Sodium metal isn't readily available naturally. This is because it’s a highly reactive metal. However, sodium metal can be separated from various sodium compounds such as sodium chloride. But, extracting sodium metal can be hazardous. The following article talks about the hazards associated with extracting sodium by yourself, and the widely used sodium production process discovered by Sir Humphry Davy. Read on.
Sodium metal is an alkali metal, has a low melting point, and is soft and highly reactive. It does not occur naturally in the metallic state, since it’s highly reactive, and has to be extracted from other sodium containing compounds such as sodium hydroxide.
Caution: Extracting Sodium can be hazardous
As mentioned above, sodium being a highly reactive element, the extraction process can be hazardous, and even lead to explosions and severe burns, if not executed properly. Hence, it’s always suggested that sodium metal be purchased from chemical suppliers rather than considering extracting it on your own. However, should you wish to undertake extraction by yourself, there are some things to consider:
- Small reactions, commonly referred to as back reactions, are a common occurrence when sodium will come in contact with oxygen or water vapor. Hence, have your protective gear on - gloves, face protection, apron and full sleeved clothes.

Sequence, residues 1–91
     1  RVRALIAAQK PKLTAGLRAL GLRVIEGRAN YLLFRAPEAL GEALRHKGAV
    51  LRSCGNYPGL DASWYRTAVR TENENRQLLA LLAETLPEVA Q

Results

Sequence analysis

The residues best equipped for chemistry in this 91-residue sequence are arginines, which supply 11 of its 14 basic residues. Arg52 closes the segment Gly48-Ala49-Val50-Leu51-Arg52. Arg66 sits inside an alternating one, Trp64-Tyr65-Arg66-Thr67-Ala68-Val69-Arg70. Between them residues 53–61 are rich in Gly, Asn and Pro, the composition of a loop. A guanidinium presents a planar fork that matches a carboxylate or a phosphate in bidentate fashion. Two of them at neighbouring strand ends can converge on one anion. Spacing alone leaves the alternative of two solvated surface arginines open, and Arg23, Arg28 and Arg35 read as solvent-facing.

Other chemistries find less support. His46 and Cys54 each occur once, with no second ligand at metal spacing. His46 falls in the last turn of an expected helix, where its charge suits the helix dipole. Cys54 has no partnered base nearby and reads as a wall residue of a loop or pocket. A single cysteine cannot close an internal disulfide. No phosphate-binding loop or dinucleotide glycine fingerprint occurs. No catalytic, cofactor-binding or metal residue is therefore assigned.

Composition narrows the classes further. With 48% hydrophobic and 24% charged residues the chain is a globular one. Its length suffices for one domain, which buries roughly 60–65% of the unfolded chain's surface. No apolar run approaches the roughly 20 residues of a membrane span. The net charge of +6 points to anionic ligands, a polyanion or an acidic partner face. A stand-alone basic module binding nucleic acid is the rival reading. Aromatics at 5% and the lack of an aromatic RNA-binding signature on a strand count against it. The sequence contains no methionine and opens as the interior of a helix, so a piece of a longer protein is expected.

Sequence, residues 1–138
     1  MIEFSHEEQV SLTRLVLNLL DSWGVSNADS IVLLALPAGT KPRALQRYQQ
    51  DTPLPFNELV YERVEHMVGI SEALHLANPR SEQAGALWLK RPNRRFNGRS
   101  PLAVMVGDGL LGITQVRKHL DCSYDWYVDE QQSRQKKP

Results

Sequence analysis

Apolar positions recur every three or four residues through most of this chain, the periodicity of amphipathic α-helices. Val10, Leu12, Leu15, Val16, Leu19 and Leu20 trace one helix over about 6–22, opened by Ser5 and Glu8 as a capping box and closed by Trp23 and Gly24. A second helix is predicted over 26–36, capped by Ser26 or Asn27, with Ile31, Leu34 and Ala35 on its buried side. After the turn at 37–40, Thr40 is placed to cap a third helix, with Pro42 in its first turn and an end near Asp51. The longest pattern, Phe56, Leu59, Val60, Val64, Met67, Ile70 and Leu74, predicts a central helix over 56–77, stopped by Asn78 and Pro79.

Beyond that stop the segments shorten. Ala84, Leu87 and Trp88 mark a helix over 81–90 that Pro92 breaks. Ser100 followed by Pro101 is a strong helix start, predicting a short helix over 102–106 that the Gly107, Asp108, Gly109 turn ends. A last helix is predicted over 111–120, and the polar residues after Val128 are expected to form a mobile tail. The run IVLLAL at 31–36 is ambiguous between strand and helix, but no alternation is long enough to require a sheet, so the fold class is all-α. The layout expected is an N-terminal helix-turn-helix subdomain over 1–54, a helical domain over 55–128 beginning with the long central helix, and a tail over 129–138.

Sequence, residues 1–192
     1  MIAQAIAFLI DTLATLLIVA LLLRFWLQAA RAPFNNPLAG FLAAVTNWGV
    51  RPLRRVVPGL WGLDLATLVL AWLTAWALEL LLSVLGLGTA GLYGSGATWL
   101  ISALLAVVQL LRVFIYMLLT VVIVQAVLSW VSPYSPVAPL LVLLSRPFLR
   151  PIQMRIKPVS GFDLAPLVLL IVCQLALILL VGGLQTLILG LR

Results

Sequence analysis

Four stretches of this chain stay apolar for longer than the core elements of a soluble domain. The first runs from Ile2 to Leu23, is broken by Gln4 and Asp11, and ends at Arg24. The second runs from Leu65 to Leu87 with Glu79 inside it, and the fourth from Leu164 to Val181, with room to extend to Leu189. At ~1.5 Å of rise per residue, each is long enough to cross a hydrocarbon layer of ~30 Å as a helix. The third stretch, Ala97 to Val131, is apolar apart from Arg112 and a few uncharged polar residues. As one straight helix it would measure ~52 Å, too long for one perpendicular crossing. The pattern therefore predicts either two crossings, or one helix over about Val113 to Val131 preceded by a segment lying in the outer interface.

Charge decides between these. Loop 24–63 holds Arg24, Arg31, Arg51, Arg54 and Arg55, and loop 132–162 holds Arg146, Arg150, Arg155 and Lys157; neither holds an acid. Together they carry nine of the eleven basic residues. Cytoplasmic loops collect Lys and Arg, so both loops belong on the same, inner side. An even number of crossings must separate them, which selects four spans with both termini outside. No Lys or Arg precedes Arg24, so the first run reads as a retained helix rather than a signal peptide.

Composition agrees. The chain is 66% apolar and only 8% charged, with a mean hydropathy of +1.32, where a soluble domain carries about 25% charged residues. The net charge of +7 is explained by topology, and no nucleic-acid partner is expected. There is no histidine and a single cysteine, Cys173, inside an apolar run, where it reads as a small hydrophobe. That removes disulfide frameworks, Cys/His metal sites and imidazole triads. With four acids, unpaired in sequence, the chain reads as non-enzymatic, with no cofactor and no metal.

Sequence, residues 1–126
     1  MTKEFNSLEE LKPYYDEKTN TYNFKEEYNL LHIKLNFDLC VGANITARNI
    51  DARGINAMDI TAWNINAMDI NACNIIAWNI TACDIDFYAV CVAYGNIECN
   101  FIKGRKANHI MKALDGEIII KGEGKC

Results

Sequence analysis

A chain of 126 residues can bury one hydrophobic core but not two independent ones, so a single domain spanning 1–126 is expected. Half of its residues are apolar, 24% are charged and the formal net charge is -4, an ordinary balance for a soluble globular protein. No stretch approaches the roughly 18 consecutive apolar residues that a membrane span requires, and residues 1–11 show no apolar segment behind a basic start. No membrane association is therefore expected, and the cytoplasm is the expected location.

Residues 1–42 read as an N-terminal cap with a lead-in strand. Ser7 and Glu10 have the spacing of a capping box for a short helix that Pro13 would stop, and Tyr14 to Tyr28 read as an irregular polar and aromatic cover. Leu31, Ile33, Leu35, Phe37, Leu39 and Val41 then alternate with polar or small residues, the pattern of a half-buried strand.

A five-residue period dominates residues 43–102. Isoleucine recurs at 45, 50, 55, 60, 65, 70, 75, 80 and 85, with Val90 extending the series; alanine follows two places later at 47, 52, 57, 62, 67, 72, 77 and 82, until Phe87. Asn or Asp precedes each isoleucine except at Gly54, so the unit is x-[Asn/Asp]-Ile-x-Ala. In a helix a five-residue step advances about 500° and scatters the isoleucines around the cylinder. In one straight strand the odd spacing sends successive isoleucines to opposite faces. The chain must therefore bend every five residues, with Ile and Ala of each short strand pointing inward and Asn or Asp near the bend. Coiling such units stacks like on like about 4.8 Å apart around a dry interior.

- Also, the sodium chloride solution that you’re using to extract sodium metal, will be at temperatures as high as 300 degrees, which can cause severe burns, if not handled carefully.
Now, the metal extraction process.
Making Sodium Metal
The production of sodium metal from its compounds were a challenge for chemists for a long time, because of the metal’s high reactivity. Electrolysis for instance, couldn’t be used for isolating sodium from sodium chloride, because the sodium metal produced would immediately react with the water present.
However, a method was finally developed by Sir Humphry Davy, back in the early 19th century, which has since been used as a base model for various modern methods of sodium production. This method involved melting or fusing, and then electrolyzing the sodium compound, which would release liquid sodium metal. This sodium metal liquid then collects at the electrolyte cell’s cathode, whereas the chlorine, which is in the gaseous state is released at the anode. The apparatus use in this sodium metal extraction process is Downs cell, named after it’s inventor J.Cloyd Down.
The sodium chloride added into the cell tank is in the form of molten mixture. Along with that, molten mixture of calcium chloride is added into the tank as well, which will help lower the melting point of sodium chloride even further. However, the ratio of sodium chloride to calcium chloride is required to be 40:60 for the melting point of sodium chloride to fall. On passing electric current through the mixtures, sodium ions migrate towards the anode to loose electrons and become sodium atoms. Chlorine ions on the other hand, migrate towards the cathode to loose ions and to become chlorine atoms.
Liquid sodium metal being less dense, rise to the surface where it can be easily collected. The purity of the sodium metal through this process of extraction is 99.8%.
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